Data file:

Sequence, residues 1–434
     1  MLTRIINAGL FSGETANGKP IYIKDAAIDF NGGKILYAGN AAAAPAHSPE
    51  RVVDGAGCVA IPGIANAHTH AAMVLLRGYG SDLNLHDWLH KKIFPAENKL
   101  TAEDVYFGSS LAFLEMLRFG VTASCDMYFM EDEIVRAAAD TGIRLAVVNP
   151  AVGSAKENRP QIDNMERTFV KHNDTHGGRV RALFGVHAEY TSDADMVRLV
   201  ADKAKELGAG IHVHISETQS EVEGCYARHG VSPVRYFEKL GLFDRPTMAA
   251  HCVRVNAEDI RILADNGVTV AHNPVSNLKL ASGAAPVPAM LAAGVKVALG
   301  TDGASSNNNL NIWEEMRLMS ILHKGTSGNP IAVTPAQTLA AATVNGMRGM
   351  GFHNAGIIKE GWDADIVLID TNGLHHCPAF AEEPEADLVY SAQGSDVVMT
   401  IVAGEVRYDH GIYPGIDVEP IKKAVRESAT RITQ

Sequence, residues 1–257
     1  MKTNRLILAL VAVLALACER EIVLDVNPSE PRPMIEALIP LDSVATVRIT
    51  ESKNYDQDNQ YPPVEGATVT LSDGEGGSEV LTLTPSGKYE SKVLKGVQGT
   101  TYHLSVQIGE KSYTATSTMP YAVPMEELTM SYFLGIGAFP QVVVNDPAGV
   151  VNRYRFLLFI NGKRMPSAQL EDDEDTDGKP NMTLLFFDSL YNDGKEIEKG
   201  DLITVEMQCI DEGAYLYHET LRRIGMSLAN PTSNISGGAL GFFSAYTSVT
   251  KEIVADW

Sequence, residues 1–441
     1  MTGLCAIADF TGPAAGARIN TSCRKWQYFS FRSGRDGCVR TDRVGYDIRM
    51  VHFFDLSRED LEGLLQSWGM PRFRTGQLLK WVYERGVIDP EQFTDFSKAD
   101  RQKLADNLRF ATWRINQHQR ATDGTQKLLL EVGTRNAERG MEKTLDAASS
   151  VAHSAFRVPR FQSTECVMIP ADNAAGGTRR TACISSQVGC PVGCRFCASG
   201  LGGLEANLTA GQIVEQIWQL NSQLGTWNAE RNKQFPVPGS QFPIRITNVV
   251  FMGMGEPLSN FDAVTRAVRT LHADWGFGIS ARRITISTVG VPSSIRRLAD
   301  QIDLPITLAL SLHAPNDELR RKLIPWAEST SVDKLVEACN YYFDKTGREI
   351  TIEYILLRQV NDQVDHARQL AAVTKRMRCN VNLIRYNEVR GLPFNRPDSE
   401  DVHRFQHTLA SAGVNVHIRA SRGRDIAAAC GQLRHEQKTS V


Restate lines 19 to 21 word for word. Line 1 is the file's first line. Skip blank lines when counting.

     1  MTGLCAIADF TGPAAGARIN TSCRKWQYFS FRSGRDGCVR TDRVGYDIRM
    51  VHFFDLSRED LEGLLQSWGM PRFRTGQLLK WVYERGVIDP EQFTDFSKAD
   101  RQKLADNLRF ATWRINQHQR ATDGTQKLLL EVGTRNAERG MEKTLDAASS